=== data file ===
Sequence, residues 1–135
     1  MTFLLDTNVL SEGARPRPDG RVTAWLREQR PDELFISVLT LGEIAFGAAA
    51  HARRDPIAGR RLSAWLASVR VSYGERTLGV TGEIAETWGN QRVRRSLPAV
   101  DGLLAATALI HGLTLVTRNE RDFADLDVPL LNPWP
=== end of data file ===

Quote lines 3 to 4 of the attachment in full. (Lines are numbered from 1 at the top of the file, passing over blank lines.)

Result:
    51  HARRDPIAGR RLSAWLASVR VSYGERTLGV TGEIAETWGN QRVRRSLPAV
   101  DGLLAATALI HGLTLVTRNE RDFADLDVPL LNPWP